Mechanism of Action of Urea

The use of urea to reduce intracranial pressure and brain volume, similar to other hyperosmolar agents, is predicated on the concept that water will passively diffuse from regions of lower osmolality to regions of higher osmolality in an effort to balance out the concentrations of osmoles. In the brain, extracellular water traverses into the intravascular space until osmotic and hydrostatic pressures are balanced, thereby temporarily reducing intracranial pressures by dehydrating the parenchyma. This osmotic gradient is transient and essentially determined by the extent to which the hyperosmolar compound remains in the intravascular space. This is determined primarily by two parameters. First, osmolar compounds harbor the tendency to diffuse from regions of higher to lower concentrations. As a result, the effectiveness of a hyperosmolar compound for reducing brain volume inversely correlates with the degree of penetration into brain tissue. Urea's penetration into brain tissue is one-tenth the penetration into muscle, and its blood to brain transfer coefficient (a measurement of clearance) is 5 × 10−3 ml/g/min, a value that is comparable to that of glycerol and 3 orders of magnitude lower than water.8,16,46 Second, urea undergoes renal excretion, further reducing the intravascular concentrations of the osmole. As a result of these two equilibrating forces, imbalances in the osmolalities between the intravascular and extracellular spaces are short lived. After intravenous administration of urea, maximal parenchymal dehydration occurs 30 minutes after infusion and equilibriums return within 8 hours.32,42,46

Initially, it was thought that diuresis was an important mechanism in the reduction of intracranial pressure.39 However, it was noted in surgery that a reduction in brain bulk occurred before an increase in urine output. Javid confirmed this observation in an experiment by demonstrating that intravenous urea administration in monkeys with bilateral nephrectomies led to an equivalent decrease in CSF pressure as controls.22

Urea's Effect on Cerebral Physiology

Although the basis of the mechanism of action of urea is straightforward, there are intricacies that are worth mentioning due to their potential clinical relevance. It was first assumed that the removal of water by urea from the brain parenchyma was from pathological regions with disrupted blood-brain barriers. However, controlled experiments in monkeys demonstrated that the transient reductions in pressure are primarily due to dehydration of normal cortex.8 The osmolar equilibration of urea in pathological regions is rapid due to leakage of urea molecules through a disrupted blood-brain barrier. Therefore, urea does not effectively prevent continued fluid accumulation in these regions. In fact, since extravascular urea is excreted more slowly than intravascular urea, a delayed gradient favoring water entry into brain tissue is generated.4,16 This can precipitate local rebound phenomenon.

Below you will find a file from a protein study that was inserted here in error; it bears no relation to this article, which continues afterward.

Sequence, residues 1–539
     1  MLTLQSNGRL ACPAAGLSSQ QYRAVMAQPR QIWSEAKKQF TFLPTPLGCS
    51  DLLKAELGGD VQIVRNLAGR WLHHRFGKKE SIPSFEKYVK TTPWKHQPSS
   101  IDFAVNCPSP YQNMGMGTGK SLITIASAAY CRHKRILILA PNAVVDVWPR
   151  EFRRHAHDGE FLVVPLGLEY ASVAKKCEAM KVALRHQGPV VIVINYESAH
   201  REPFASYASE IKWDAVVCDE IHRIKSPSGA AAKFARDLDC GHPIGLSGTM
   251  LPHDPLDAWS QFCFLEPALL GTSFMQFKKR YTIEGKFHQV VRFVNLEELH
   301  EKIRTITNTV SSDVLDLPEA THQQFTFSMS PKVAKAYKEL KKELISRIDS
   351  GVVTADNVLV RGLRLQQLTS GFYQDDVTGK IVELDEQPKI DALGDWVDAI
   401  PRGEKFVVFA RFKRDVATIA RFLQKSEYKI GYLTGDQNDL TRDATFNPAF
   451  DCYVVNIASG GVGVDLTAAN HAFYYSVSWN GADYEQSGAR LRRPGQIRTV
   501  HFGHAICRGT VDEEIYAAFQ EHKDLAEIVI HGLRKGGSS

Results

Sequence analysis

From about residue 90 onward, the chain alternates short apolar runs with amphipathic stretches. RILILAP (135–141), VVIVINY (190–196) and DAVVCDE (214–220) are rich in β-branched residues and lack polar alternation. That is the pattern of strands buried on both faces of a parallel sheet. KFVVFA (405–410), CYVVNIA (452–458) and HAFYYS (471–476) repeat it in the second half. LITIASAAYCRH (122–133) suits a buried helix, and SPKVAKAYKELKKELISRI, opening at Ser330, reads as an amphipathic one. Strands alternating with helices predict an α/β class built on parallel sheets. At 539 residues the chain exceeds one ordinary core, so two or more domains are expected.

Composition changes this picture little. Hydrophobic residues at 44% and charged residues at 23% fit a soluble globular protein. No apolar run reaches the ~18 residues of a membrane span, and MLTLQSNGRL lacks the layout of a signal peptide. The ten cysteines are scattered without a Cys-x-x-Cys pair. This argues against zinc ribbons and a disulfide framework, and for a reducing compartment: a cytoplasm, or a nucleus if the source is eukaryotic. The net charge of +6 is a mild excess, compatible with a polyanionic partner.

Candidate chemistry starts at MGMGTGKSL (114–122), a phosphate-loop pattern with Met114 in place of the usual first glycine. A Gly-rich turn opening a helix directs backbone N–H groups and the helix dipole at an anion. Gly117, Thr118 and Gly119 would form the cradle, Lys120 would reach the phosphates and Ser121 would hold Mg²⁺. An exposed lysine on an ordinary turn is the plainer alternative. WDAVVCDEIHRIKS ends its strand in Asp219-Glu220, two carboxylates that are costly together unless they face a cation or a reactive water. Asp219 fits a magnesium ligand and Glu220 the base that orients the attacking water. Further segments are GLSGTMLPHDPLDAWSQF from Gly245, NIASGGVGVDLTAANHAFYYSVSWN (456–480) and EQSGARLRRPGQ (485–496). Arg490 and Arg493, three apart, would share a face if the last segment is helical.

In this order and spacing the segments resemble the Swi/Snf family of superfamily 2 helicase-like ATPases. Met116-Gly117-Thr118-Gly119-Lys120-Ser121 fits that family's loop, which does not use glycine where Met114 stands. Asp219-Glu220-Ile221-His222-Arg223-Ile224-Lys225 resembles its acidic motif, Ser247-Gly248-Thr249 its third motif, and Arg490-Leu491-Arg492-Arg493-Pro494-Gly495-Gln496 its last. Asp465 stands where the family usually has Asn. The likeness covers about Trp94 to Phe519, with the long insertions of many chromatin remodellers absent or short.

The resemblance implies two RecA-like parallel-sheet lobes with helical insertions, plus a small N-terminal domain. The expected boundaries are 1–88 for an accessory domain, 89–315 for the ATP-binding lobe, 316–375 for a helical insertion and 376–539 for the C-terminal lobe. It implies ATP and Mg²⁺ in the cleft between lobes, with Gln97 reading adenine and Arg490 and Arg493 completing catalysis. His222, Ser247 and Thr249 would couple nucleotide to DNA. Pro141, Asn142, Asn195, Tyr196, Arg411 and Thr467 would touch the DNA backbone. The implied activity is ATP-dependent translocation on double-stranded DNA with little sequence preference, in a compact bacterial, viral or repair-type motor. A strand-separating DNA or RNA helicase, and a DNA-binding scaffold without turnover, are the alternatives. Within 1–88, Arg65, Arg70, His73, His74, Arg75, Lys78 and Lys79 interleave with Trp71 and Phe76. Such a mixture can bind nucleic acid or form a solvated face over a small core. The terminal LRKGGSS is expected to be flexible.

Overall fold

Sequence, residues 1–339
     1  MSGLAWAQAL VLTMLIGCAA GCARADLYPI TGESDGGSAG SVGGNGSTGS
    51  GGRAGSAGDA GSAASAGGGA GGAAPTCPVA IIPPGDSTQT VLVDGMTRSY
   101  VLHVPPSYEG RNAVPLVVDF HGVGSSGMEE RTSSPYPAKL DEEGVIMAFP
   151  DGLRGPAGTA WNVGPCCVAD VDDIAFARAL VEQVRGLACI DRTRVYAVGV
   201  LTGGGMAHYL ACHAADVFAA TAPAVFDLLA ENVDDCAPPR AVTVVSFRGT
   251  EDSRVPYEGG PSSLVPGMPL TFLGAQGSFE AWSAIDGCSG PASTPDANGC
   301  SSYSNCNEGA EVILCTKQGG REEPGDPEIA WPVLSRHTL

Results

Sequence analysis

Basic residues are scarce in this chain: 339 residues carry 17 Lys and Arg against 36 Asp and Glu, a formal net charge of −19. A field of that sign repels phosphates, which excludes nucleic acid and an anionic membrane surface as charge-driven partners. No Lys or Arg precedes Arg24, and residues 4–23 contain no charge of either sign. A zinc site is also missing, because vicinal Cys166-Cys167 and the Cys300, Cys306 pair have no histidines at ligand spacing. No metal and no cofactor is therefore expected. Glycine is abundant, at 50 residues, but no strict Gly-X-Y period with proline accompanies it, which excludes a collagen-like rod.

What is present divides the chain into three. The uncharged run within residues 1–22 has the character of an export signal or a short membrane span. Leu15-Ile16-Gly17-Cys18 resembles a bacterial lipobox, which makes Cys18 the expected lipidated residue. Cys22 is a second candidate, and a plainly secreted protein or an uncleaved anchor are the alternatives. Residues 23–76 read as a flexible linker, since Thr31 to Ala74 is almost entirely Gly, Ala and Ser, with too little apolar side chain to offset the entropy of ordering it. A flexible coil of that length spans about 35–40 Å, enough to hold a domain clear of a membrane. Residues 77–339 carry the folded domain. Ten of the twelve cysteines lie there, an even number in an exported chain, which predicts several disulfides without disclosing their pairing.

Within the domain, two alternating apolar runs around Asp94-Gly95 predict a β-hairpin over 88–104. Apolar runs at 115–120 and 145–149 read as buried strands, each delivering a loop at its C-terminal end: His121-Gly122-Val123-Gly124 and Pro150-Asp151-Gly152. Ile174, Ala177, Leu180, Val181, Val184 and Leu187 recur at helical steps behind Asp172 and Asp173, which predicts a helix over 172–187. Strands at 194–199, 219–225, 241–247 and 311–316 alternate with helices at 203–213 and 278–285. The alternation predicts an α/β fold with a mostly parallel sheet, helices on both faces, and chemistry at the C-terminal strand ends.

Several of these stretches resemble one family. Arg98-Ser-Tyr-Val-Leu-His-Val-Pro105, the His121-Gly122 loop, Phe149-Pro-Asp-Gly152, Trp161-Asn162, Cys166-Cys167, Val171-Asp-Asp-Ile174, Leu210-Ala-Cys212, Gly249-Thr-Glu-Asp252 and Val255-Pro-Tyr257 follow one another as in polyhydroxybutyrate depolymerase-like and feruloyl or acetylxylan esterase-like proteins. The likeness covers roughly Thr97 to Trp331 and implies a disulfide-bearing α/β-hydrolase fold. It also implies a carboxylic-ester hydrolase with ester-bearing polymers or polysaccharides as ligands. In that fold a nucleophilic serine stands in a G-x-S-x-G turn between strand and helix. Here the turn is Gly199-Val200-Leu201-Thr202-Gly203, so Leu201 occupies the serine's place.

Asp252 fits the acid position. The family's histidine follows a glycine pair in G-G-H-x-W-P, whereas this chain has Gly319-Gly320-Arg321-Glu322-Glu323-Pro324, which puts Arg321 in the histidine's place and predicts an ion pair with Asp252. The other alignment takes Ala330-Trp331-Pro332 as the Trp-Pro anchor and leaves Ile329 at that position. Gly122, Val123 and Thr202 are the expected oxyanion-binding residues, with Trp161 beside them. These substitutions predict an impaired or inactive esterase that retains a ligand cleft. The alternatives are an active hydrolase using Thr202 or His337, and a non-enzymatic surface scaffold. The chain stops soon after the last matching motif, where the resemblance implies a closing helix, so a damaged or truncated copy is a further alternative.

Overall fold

Furthermore, the removal of brain water upon urea administration occurs almost exclusively from the gray matter. This occurs because swelling in the gray matter arises secondary to intracellular fluid accumulation, which can be withdrawn using osmolar agents, whereas swelling in the white matter arises secondary to extracellular compartmentalization of fluid.8,36 Finally, although brain parenchyma may be dehydrated, the overall levels of fluid within the intracranial cavity remain constant following urea infusion, due to compensatory increases in CSF and intravascular volumes.8,42 Subarachnoid CSF volume increases as the initial intracranial pressure drop leads to decreased absorption of CSF through arachnoid granulations.43 Total intracranial blood volume increases due to the osmotic transfer of water into pial vessels.44

Clinical Experience

Early case reports demonstrated that the administration of hypertonic urea reversed brain edema and alleviated neurological symptoms associated with overdialysis.11 In addition, in a small patient cohort, urea infusion normalized the alpha pattern of electroencephalography recordings of brains with cerebral edema.51 As previously mentioned, Javid and Javid and Settlage reported the largest clinical experience with the use of urea in neurosurgery and led the push for the widespread adoption of urea in clinical practice.22,25,27 Stubbs and Pennybacker expanded on Javid's observations and suggestions outlining detailed urea administration protocols and potential side effects.50

Urea use was recommended when rapid reduction in intracranial or intraocular pressure was desired, both in cases of cytotoxic as well as vasogenic edema, with effects of a single administration lasting 4–8 hours50 (Fig. 1). Urea was also recommended on the 2nd postoperative day to prevent brain swelling caused by parenchymal manipulation.50 Urea was also suggested after traumatic head injury, provided there were was no active bleeding and all hematomas were evacuated.50 Javid, in his experience of urea administration in more than 3200 patients, emphasized that the neurosurgeon must carefully control the timing and rate of urea administration during craniotomy.21,41 The urea infusion was initiated at the time of skin incision, except in large craniotomy flaps, in which he waited until the bone flap was removed to avoid epidural bleeding. However, he stated that one-half to two-thirds of the infusion must be completed prior to dural opening to prevent cerebral herniation.21,50 Urea quickly supplanted other hyperosmolar agents as the compound of choice where it enjoyed a reign of half a decade until the introduction of mannitol into the clinical arena (see The Rise of Mannitol).

Fig. 1.
Fig. 1.